Thomas Francis Doran, lawyer, of Topeka, is a native of Kansas, born on a farm in Morris county, Dec. 8, 1862. His father, Francis Doran, came to Kansas in 1859, in the early days of the history of the state, located in Morris county, and there acquired the title to 100 acres of land from the government. This farm has ever since been retained in his family, the original estate having been increased to 500 acres. Francis Doran and his wife, Mary Clark, were born in Ireland. The former was a native of County Carlow and the latter of County Antrim, and they were each fourteen years of age when they came to this country. They were married in New York State, Sept. 16, 1858, and the following year came west. In later life they removed from Morris county to Topeka and there made their home for the remainder of their lives. Their son, Thomas F. Doran, spent his boyhood on the old farm home in Morris county and later became a student in the University of Kansas and graduated there in 1888. During his attendance at the university he had given some attention to the study of law, and after finishing his college course entered the office of Hon. Joseph Ady, at Topeka, and under his tutelage acquired a thorough preparation for the successful legal career which followed after his admittance to the bar, in 1891. Since that date Mr. Doran has practiced law in Topeka, where he is regarded as one of the most capable members of his profession and is a prominent and influential citizen. In 1888, before his admittance to active practice, he was appointed deputy collector of internal revenue, under Hon. Cyrus Leland, Jr., and served in that capacity until 1892. Mr. Doran is a member of Ferry, Doran & Dean, a leading law firm of Topeka, which is counsel for the Smith Automobile Company, the Topeka Street Railway Company, the Topeka Edison Company, the Continental Creamery Company, the Beatrice Creamery Company, the Jensen Manufacturing Company, and the Seymour Packing Company, and is also local attorney for the Illinois Traction Company, the Smith Truss Company, and other corporations. It occupies, in the New England Building, a handsome suite of offices, which are equipped with one of the most complete legal libraries in the state. Mr. Doran is a member of the Shawnee County Bar Association and the Kansas State Bar Association, and holds membership in the Commercial Club, the Topeka Club, and the Country Club. In his fraternal relations he is identified with the Knights and Ladies of Security, and the Elks.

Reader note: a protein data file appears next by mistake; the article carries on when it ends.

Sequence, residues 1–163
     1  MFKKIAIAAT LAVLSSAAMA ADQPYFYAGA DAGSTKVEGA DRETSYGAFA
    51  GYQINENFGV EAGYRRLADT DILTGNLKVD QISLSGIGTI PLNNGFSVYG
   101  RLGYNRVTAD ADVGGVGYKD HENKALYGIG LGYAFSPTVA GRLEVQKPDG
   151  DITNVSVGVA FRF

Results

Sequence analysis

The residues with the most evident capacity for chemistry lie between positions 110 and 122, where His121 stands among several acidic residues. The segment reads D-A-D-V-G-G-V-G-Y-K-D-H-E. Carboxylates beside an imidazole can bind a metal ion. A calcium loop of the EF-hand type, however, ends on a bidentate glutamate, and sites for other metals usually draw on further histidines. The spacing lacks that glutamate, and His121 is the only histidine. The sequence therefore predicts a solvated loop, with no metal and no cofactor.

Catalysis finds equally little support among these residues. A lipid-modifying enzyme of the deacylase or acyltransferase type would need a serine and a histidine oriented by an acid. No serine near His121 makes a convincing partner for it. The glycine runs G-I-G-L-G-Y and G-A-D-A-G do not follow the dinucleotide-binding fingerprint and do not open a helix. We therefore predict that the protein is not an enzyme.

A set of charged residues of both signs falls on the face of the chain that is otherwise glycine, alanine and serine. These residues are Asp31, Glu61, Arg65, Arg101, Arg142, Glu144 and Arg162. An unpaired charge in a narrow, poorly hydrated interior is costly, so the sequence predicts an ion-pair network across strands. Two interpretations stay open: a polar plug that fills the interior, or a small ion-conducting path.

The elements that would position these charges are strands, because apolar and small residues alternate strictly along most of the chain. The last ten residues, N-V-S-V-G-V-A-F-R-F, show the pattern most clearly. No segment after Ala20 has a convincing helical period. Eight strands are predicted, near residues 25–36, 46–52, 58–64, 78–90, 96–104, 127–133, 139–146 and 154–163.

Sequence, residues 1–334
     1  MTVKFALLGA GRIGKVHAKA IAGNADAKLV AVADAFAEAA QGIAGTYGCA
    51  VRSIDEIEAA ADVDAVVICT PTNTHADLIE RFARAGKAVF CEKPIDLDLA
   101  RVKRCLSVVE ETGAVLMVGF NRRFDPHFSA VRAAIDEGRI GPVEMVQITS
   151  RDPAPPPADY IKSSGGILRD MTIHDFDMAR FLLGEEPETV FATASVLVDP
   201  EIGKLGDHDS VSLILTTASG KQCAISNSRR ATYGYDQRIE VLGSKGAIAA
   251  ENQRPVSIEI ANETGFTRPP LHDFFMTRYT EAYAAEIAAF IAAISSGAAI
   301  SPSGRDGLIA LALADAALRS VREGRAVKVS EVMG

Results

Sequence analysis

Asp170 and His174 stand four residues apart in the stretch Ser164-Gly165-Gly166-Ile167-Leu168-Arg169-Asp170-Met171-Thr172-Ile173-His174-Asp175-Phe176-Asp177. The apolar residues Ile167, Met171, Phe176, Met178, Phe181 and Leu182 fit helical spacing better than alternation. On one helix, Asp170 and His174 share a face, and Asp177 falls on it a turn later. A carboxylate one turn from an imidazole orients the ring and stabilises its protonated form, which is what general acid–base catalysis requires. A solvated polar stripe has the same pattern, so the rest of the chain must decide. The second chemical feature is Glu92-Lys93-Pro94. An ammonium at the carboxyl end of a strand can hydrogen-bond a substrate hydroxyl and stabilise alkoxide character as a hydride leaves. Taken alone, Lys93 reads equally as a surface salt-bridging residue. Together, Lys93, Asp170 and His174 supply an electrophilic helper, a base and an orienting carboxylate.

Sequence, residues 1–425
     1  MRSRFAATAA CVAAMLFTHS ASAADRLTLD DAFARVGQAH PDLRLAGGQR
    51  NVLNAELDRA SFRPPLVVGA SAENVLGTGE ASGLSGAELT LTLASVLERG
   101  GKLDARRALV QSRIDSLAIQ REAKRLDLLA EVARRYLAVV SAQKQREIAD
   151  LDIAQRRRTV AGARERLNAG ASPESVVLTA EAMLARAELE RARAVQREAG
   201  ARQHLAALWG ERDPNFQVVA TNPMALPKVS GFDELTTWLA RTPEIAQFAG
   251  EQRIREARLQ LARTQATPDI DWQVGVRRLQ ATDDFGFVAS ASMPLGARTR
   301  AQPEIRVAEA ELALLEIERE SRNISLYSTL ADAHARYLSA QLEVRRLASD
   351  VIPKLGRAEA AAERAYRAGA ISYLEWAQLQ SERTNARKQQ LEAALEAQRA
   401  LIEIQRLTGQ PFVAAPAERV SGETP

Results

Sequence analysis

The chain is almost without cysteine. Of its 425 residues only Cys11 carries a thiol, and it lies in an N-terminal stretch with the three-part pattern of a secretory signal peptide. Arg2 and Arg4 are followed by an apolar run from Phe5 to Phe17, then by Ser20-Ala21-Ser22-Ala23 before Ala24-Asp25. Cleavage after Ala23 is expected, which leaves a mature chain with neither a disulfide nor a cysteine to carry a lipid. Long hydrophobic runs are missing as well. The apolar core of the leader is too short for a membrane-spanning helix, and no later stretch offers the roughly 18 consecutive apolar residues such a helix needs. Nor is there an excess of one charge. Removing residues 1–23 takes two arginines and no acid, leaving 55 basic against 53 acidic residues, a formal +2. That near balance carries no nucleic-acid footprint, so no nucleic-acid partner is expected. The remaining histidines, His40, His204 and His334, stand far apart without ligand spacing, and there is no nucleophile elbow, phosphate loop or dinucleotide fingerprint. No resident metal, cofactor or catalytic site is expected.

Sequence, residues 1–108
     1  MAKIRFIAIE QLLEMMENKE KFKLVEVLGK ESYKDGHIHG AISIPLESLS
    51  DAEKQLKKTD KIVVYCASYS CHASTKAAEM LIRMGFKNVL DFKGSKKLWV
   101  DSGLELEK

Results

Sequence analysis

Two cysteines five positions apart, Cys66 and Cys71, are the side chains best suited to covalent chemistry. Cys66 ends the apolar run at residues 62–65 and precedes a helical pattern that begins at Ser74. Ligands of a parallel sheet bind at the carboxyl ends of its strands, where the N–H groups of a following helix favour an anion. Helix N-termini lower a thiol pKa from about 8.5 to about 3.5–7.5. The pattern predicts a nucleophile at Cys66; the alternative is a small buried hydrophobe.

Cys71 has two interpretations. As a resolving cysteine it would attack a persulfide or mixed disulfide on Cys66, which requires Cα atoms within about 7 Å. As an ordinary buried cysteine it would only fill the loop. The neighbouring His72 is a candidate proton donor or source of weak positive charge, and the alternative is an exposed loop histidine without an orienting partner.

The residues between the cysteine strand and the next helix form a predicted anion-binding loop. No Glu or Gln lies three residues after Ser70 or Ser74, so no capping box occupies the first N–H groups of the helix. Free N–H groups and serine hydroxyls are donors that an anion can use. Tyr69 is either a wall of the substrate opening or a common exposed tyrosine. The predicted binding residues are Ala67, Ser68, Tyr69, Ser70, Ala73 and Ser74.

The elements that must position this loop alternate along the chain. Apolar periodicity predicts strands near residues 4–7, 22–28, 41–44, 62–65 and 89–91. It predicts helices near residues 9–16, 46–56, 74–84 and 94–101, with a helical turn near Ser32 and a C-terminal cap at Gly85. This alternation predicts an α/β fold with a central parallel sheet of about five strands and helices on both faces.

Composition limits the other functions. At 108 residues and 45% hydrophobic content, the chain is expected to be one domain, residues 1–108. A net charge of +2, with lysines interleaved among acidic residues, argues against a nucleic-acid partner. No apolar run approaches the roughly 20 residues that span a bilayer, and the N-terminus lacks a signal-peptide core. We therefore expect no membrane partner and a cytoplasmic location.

His marriage to Miss Mary Woodward occurred Oct. 19, 1891. She is a daughter of B. W. Woodward, of Lawrence, Kan., a pioneer of the state, coming to Kansas from Chester county, Pennsylvania, in 1854, and during his life was one of the best known and most prominent citizens of the state. Mr. Doran and his wife have one child, Josephine W., now nineteen years of age.Pages 383-384 from volume III, part 1 of Kansas: a cyclopedia of state history, embracing events, institutions, industries, counties, cities, towns, prominent persons, etc. ... / with a supplementary volume devoted to selected personal history and reminiscence. Standard Pub. Co. Chicago : 1912. 3 v. in 4. : front., ill., ports.; 28 cm. Vols. I-II edited by Frank W. Blackmar. Transcribed December 2002 by Carolyn Ward. This volume is identified at the Kansas State Historical Society as microfilm LM195. It is a two-part volume 3.
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